The Restaurant Formerly Known As...

Berlin's immense new restaurant Pauly Saal has all the grandness of a historical fortification, without the austerity. That's because the building, originally constructed in 1928, used to be a Jewish girls' school. Its handsomely refined decor, combined with a stellar palate-pleasing menu, makes for the kind of school reform we're completely in favor of.

The global trend of morphing old derelict structures into modern hot spots is a visible enough one our side of the Atlantic too, but Europe's got us beat in the history-mining department. Whether it's the venue itself or its surrounding buildings, the juxtaposition of the various centuries through this architectural blend of old-meets-new is simply more striking.

Another example, the newly opened Stork Restaurant, inhabits a portion of a former industrial complex on Amsterdam's northern waterfront that's undergoing a major return to form by way of new shops, eateries, and start-up businesses. Pieter van der Pot of CUBE Architecten and Marloes van Heteren of SOLUZ Architecten, who were commisioned to redevelop the entire 30,000-square-meter area, set their sights on completing Stork first, maintaining the basic premise that all it takes is one buzzy new eatery to forge the path to a hot new destination. And as Europe's largest seafood restaurant, it's been hard to overlook.

With the exception of expanding the windows to allow for more natural light, the team maintained much of Stork's original structure, both inside and out, while design firm Interior Shock utilized old factory components like cable reels and fixtures for the decor.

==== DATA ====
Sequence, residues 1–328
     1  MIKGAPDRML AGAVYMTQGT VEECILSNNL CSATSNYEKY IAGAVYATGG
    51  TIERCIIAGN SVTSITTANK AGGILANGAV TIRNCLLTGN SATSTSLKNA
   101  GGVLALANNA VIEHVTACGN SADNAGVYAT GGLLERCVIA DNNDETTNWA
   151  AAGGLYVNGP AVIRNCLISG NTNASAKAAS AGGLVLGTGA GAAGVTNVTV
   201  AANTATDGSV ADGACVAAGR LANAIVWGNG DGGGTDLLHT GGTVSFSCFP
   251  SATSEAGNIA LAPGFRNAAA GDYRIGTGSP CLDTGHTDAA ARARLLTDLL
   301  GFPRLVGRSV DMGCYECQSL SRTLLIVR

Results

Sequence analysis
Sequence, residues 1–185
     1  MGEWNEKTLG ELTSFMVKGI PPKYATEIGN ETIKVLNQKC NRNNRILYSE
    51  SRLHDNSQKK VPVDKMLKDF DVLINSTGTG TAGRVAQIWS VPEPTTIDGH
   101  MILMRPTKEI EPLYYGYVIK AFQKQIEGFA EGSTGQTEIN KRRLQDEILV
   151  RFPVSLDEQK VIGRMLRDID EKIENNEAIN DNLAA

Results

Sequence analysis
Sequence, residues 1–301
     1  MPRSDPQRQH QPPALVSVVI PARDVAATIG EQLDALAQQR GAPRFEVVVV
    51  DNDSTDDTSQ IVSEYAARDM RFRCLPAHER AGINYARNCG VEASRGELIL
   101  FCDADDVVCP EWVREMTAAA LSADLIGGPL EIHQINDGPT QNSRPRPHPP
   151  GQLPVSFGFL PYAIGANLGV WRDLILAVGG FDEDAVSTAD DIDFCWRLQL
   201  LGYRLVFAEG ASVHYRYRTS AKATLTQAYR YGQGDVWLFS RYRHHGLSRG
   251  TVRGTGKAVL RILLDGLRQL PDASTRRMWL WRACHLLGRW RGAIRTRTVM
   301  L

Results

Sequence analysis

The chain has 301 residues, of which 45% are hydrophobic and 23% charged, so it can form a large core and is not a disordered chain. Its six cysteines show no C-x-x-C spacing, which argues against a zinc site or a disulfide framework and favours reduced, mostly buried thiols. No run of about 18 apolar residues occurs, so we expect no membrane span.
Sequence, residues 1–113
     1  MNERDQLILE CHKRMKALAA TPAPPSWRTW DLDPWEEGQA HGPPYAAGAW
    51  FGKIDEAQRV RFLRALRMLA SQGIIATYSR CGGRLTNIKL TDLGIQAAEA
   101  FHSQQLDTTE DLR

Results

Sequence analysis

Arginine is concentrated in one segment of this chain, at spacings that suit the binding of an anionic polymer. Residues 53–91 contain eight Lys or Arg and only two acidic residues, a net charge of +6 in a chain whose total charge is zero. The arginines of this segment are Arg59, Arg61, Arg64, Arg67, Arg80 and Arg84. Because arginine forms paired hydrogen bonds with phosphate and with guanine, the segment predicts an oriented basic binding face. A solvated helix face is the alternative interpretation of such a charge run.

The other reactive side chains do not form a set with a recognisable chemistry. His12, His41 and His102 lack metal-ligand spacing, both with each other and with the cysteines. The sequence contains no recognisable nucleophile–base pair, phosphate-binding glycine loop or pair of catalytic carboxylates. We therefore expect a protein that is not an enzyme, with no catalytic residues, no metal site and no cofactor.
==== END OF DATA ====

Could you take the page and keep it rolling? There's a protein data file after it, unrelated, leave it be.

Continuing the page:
Scroll down for visuals and more on both these awesome dinner destinations.

Before Pauly Saal opened its doors in February, this former school, host to the 2006 Berlin Biennale, had stood vacant for much of the last half of the 1900s.

Owners Stephan Landwehr and Boris Radczun brought a dignified and understated look to the space, seen here in the dining room with its green velvet seating and Murano chandeliers hanging above. But there are distinctly modern-day elements of surprise too, like the red and white rocket, sprawling the width of the room. It's both a work of art and an ironic allusion to Germany's past.

Given the restaurant's size, each separate space (like the bar, here), has its own identity.

The restaurant's monogram, displayed on the plates in a simple and elegant typography and recall another era.

Opting to keep many of the site's industrial characteristics, like exposed walls, and ceilings, Stork's designers nonetheless created an airy, light-filled space that brings an entirely new look to those elements.

Wood, metal and concrete recall the space's industrial past, while restaurant-focused features like chain curtains and comfy couch seating along the far wall nod to its new role.